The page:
Daily Wildcat Article on New Syrian Artist Video show at EV!

Tucson gallery to screen films on war abroad

By CASEY KNOX Published October 30, 2013 at 2:17am

Through a series of videos, Exploded View’s microCINEMA in downtown Tucson aims to showcase stories by Syrian artists and Syrians in exile that they feel need to be told.

This Wednesday, David Sherman, Exploded View’s founder, is showing videos that have been curated by a media arts organization in the Netherlands called Impakt, which collects Syrian work.

“There’s not a huge Syrian art community in the United States, but that’s the beauty of the Internet,” Sherman said.

In an intimate venue, audience members will be able to openly discuss the issues presented on the screen, he added.

“We wanted to highlight a creative response to a serious war situation,” Sherman said. The civil unrest in Syria began in 2011, and has since inspired Syrian artists and those in exile to tell their personal stories in the form of short clips and videos.

Sherman and his wife, Rebecca Barten, coined the term “microcinema” in 1994. The first microcinema was established in San Francisco in 1994 and was called Total Mobile Home microCINEMA. Sherman moved to Tucson in 2012, where he introduced Exploded View.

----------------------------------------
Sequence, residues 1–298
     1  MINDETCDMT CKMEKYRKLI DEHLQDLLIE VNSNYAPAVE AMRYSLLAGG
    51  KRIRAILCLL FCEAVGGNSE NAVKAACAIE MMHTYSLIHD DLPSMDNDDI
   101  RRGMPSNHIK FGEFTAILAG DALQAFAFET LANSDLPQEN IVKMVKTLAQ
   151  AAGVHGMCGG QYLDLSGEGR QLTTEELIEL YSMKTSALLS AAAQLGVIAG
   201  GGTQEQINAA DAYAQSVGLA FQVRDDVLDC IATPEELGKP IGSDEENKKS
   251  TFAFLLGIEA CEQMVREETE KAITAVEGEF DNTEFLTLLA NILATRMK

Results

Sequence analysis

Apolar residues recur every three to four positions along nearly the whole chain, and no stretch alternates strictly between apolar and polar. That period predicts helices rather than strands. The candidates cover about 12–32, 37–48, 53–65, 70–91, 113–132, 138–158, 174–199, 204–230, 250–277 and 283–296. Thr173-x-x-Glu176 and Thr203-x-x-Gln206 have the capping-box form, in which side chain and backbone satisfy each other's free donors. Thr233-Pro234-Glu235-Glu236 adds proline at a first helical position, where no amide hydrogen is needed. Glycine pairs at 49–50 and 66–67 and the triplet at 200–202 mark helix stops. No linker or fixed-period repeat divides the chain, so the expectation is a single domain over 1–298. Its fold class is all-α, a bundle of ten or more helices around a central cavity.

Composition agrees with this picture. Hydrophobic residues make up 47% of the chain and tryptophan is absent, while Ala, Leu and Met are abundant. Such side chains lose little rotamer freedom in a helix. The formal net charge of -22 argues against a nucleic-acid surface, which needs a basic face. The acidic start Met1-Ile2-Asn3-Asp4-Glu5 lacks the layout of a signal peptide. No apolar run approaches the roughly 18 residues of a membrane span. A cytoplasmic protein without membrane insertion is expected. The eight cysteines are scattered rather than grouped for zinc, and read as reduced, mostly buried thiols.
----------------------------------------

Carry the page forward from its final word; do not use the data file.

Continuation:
“It’s less about the big audience and more about how people connect with the material,” Sherman said.

Christian Sinclair, a scholar of Middle Eastern studies, will be flying in to help create an intimate dialogue with audience members about specific Syrian issues expressed though the videos. Sinclair will be able to explain the Syrian conflicts to those who may be unfamiliar with their history, as well as the content provided in the videos.

“The issues are complex, and these underrepresented voices are coming to the foreground,” Sherman said.

Sherman said that these videos will give people a unique way to view issues in Syria, as the work strays from being purely documentary-driven and objective and tends toward narrative stories.

The videos will have a range of aesthetics, from animation to diary work, and each will be unique in terms of their structure, Sherman added.

“Our interest is to combine experimental media with other veins of creativity which are currently happening in Tucson,” he said.

Susan Stryker, director of the Institute for LGBT Studies and a local filmmaker, met Sherman for the first time when she was screening her own works at the Playground Bar and Lounge. Stryker worked with Sherman in his microcinema to present an LGBTQ film to the Tucson community during LGBT History Month in October.

“There’s a lot of work happening in the film and media industry that’s not commercial,” Stryker said. “There’s some really important and interesting work that’s out there.”

Stryker said that the film and the works presented in Sherman’s microcinema are able to give the Tucson community a different perspective on the world that they live in.

Although Sherman’s microcinema is targeted toward a smaller audience, Stryker said the films presented are politically, artistically and intellectually charged.

“As a filmmaker, I’m just really excited to see this kind of space in Tucson,” she said. “They really want to be a hub for the experimental and small film market community.”

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